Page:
Music

Jesse Sykes & the Sweet Hereafter: Like, Love, Lust & The Open Halls of the Soul

The year seems too young for there to be so many incredible new records, but Jesse Sykes & the Sweet Hereafter have a sure masterpiece on their hands.


Jesse Sykes & the Sweet Hereafter

Like, Love, Lust & The Open Halls Of The Soul

Label: Barsuk
US Release Date: 2007-02-06
UK Release Date: 2007-02-05
Amazon
iTunes

In preparation for this review, I reacquainted myself with Jesse Sykes & the Sweet Hereafter’s previous release, 2004’s Oh My Girl, as I drove up a dreary, snow-swept highway corridor just as the sun was coming up. It was perfect. That record, Sykes’s second, was substantial if monochromatic, the band spinning endless variations on languid, frostbit country. And so I felt the same as I did when it was first released, impressed but overwhelmed by the pervasive gloom. Not so with Like, Love, Lust & The Open Halls of the Soul, which maintains the power and conviction of its predecessor while expanding the band’s slow-country sound to incorporate driving rock, hushed log-cabin folk and everything in between. Still evoking desolate plains and the more desperate corners of Americana, Like, Love, Lust is nonetheless an exciting, invigorating listen, vaulting Sykes and crew further ahead of the progressive-country field.

The late-night, whispered opener, “Eisenhower Moon” would appear to pick up where Oh My Girl left off -- at least in terms of its humble, stripped down arrangement. But where that record relied almost exclusively on Phil Wandscher’s narcotic guitar leads for atmosphere, Like, Love, Lust brings changes it up on almost every track. “Eisenhower Moon” utilizes a mournful harmonica and a few piano chords to construct a mood behind Sykes’s distinctive voice. And what a voice -- it can’t help but be the focus regardless of what musical setting accompanies, a haunting wood-grained rasp that sounds forever as if it’s wafting through beaded curtains or from a patch of soft, sacred earth. “Tell me what you need to see/ Half sadness and half fury,” she sings, identifying two emotional elements seemingly inseparable from her voice. On “LLL”, she booms her voice over a stuttering rock rhythm, echoes trailing off into the shadows. The band stomps with Crazy Horse bluster, then reins it in while a ghostly, cooing chorus of female harmonies drifts by. The song, like the album its title abbreviates, is full of lovingly and thoughtfully constructed twists and turns.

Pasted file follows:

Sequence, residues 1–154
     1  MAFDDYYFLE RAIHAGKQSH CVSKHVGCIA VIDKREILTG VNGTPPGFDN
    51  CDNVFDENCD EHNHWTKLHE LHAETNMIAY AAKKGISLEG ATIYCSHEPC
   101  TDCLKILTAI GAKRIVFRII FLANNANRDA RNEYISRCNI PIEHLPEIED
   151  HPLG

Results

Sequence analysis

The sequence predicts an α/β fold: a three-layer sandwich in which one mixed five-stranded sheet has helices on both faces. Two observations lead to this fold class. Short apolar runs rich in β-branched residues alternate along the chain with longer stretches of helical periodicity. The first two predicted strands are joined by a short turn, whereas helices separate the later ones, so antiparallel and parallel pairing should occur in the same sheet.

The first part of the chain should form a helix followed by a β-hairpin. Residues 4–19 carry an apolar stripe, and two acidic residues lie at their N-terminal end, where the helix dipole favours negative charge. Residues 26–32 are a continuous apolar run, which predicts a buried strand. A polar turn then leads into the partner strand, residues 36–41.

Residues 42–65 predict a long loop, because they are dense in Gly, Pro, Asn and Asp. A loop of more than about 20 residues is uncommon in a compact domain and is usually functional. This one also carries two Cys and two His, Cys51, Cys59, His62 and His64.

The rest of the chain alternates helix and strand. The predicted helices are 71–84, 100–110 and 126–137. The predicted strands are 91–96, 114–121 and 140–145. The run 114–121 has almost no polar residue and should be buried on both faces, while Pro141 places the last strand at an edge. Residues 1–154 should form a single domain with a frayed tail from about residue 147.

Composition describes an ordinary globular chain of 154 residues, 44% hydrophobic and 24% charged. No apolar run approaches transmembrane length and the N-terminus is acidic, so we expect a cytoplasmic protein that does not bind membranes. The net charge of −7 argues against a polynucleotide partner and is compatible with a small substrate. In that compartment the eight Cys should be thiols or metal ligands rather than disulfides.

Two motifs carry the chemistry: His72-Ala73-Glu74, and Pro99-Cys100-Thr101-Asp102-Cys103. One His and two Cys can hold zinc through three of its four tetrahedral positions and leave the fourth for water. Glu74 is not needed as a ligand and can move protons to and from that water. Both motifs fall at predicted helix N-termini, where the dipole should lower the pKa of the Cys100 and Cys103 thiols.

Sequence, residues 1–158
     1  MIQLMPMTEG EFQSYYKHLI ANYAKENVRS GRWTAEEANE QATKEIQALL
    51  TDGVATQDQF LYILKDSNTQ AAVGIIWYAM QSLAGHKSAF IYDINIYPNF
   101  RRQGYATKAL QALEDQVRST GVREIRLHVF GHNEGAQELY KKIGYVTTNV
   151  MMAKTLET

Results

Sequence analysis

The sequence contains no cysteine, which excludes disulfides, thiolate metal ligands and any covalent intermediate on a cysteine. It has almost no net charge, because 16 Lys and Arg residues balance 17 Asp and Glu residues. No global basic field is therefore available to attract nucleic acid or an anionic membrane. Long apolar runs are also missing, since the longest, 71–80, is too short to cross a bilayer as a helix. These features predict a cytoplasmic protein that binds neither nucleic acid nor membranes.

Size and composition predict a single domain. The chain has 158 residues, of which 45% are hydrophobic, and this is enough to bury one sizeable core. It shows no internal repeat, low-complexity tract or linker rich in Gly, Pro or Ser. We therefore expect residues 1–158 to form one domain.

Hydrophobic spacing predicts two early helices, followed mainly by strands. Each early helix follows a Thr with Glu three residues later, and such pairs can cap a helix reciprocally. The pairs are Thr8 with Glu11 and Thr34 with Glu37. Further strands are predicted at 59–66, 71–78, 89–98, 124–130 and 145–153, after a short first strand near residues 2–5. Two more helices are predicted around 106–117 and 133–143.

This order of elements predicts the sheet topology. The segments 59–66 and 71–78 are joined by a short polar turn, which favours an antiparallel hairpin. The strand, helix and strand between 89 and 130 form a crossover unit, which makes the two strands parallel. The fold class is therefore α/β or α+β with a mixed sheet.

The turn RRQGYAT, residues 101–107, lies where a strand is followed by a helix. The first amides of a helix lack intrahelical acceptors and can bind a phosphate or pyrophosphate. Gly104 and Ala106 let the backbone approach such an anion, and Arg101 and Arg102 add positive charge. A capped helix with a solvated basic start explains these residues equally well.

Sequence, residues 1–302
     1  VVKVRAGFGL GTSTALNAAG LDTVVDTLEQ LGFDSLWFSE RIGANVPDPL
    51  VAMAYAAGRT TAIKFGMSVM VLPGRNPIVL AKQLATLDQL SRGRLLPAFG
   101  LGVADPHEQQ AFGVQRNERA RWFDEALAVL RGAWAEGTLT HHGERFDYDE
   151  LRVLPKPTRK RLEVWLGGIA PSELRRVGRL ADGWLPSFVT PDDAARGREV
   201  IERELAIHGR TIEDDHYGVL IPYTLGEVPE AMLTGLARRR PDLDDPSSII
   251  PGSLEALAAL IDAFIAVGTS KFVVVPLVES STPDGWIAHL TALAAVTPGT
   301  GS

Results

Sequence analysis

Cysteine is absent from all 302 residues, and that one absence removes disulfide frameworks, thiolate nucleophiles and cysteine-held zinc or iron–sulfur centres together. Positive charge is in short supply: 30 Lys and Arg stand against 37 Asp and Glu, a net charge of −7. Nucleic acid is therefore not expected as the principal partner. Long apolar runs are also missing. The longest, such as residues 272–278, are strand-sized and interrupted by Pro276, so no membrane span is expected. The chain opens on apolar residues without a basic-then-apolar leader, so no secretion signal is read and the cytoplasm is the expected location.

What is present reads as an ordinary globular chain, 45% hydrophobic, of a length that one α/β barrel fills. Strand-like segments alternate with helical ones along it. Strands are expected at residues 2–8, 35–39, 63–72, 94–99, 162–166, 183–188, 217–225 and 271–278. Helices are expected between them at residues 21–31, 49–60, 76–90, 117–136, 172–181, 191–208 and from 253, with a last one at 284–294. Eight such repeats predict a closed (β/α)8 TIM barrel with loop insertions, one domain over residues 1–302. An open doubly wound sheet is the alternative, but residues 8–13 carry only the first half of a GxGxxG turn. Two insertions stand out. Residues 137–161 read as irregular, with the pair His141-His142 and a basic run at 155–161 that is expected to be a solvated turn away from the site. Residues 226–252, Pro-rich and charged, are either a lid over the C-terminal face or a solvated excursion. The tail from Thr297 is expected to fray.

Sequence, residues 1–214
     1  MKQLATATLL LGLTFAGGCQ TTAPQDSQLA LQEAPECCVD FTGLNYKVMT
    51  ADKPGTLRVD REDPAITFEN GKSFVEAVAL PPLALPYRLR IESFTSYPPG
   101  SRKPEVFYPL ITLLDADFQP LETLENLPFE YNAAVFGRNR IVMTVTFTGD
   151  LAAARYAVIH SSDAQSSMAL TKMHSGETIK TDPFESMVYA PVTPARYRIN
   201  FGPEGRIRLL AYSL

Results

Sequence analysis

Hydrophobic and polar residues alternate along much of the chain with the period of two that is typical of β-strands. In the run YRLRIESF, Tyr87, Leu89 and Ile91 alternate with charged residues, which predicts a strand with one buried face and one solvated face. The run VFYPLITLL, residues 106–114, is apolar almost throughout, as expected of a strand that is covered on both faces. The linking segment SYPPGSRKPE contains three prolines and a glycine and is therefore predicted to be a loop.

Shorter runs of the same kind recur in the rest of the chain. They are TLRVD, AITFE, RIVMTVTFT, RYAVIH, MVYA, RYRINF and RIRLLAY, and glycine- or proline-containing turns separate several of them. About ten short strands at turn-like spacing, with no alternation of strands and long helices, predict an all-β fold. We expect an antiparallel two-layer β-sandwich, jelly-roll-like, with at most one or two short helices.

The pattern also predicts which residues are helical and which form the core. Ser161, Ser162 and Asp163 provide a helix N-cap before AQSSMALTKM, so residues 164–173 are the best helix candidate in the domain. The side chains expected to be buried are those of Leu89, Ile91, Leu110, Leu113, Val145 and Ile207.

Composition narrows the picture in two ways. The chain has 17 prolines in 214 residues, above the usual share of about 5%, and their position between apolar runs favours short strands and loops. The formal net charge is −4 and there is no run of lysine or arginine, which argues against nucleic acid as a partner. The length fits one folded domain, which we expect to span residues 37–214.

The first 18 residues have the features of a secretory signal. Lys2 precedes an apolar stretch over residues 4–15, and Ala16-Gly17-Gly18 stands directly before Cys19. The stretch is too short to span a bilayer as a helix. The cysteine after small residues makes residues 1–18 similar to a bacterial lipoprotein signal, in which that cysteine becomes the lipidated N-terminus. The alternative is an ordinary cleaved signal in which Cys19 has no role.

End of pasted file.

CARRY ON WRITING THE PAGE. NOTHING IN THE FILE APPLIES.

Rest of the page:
“You Might Walk Away” is a definite twist: a poppy, hand-clap and sound-effect laden tune, an epicurean counterpart to the stoicism of “Winter Hunter” and “Tell the Boys”. “At the reservoir following the narrow path of light/ What keeps us coming back for more is always out of sight," Sykes sings brightly of a rainy hike in the woods, and asking “Don’t you wish that someone wanted you that way today?” It’s not the album’s strongest song, but its spirited jauntiness keeps the record moving and unpredictable, providing needed contrast with more familiar Sykesian material like “Spectral Beings”. That song is populated by great celestial chorused sighs, cellos and pedal steel stretched like snow clouds across the sky, its powers more likely to be felt on an album of diverse company. Sykes’s voice, again just a wisp above susurration, cuts through with authority, “The tender part of the hologram/ The lights went off/ Came on again.” The song is not only about a séance, it is a séance -- its reverent gasps and transcendentalism all pushing towards the question, “Where is the one I’ve loved so long?”, imbuing that simple question with palpable emotion.

But just as “Spectral Beings” fades into the ether, another uncharacteristic song sashays onto the stage as counterpoint, this time the clomping, swaggering “How Will We Know?” The song borrows a bit of the same philosophical musing, a few breathy sighs, but adds a whole lot of racket, from organ to jingling bells, to the sassy twang of bent guitar strings. “Aftermath” is a watery lament whose jazzy, creative chord changes wouldn’t have sounded out of place on Lambchop’s Is a Woman. “It’s better not to give yourself away/ Away too soon...,” Sykes offers before a tide of horns washes in. But just as soon as the brass signals the barest hint of climax, the song is over, becoming a strange, hungover interlude before the tangled guitar figure of the uptempo “Station Grey”. It’s hard to resist the temptation of writing about every song on Like, Love, Lust, as there is zero dead weight—no song feels out of place or redundant. It’s clear early on that the record is something special. Like Trace, Being There, and Heartbreaker before it, Like, Love, Lust & The Open Halls of the Soul is the result of its creators ramping up their game, taking on a variety of styles to deliver, in the end, their singular artistic declaration to hopefully stick around for a long, long time.